She is a certified transformational coach and a member of the International Coaching Federation. She has mentored business executives, youth, and individuals who dared to live above limitations.
Uneze has an MBA from Manchester Business School and a B.A. from Anambra State University, where she graduated with first-class honors. Some of the places she has worked includes MTN Nigeria and Environmental Accord.
The Convener, Linda Uneze stated that the responsibility of making the economy attractive does not only reside with the government, as entrepreneurs and other key stakeholders should play a part. This she said is what led to the idea of having a business pitch segment at the conference, to give SMEs the opportunity to showcase their innovative ideas and products to potential investors and customers.
She mentioned that the business pitch is her way of empowering and supporting SMEs as well as promoting job creation and nation building.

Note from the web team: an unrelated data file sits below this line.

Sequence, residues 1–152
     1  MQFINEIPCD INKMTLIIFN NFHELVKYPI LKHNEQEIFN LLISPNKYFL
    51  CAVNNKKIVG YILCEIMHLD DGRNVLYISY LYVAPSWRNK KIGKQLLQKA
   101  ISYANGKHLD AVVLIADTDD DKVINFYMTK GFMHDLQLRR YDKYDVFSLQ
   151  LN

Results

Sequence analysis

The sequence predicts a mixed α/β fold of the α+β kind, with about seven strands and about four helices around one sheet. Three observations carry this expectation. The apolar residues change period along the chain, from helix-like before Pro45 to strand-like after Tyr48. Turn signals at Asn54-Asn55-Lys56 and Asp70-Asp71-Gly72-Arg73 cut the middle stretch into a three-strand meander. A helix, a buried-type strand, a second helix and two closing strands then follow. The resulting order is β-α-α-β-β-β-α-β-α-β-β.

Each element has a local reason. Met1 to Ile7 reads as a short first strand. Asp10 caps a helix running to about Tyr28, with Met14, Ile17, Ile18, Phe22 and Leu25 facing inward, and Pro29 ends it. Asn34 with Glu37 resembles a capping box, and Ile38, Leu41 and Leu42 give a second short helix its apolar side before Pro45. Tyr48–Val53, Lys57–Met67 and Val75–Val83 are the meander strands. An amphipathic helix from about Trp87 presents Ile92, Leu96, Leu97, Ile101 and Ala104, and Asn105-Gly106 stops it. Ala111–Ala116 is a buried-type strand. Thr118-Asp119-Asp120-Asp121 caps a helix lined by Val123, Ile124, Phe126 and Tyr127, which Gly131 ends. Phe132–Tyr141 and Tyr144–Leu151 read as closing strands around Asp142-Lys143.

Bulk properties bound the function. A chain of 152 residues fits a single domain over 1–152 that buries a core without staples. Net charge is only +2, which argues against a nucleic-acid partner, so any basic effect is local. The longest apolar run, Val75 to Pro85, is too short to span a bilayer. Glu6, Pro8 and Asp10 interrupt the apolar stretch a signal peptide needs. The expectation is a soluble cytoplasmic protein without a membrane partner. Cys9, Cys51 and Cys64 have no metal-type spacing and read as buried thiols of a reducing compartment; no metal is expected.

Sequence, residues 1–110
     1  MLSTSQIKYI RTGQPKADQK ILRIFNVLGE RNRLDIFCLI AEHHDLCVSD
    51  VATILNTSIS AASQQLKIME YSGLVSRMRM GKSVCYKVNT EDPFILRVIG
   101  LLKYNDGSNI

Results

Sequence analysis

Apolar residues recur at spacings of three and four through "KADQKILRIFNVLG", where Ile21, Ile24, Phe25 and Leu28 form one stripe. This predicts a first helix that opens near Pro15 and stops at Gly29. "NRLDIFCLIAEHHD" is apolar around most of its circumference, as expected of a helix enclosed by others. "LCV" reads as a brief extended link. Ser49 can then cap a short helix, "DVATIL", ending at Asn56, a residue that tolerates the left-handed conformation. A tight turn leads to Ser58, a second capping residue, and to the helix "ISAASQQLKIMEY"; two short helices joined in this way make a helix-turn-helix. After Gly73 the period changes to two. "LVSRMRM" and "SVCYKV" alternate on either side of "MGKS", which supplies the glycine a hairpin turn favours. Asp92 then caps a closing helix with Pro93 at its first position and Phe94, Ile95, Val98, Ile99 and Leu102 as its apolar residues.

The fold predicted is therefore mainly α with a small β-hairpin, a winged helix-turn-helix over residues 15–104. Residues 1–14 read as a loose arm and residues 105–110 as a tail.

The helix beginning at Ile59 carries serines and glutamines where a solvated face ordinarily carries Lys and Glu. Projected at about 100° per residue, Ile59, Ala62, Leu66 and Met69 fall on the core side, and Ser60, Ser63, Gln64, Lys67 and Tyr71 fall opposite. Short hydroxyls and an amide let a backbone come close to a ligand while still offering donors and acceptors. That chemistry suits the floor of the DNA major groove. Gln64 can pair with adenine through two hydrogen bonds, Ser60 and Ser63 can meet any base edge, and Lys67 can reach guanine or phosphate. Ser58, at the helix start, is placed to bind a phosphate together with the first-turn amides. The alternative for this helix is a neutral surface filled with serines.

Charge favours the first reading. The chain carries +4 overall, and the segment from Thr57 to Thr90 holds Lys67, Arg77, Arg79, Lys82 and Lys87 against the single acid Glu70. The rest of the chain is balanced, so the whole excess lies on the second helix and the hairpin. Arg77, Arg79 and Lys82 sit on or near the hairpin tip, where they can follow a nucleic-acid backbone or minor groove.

Out of the applications received, 4 businesses were selected, as they pitched to a panel of Judges and the winner was awarded 10m USD by the DBNC Ltd.
The business leader, who is also an alumna of the Human Resource Certificate Institute, USA, has been consistent in solving business employer/employee-related issues, as well as offering business solutions for her clients. Her passion to see businesses thrive in Nigeria is one of her reasons for birthing the Doing Business in Nigeria Conference, which is a platform to encourage experience sharing on the business environment in Nigeria, thereby attracting more investors.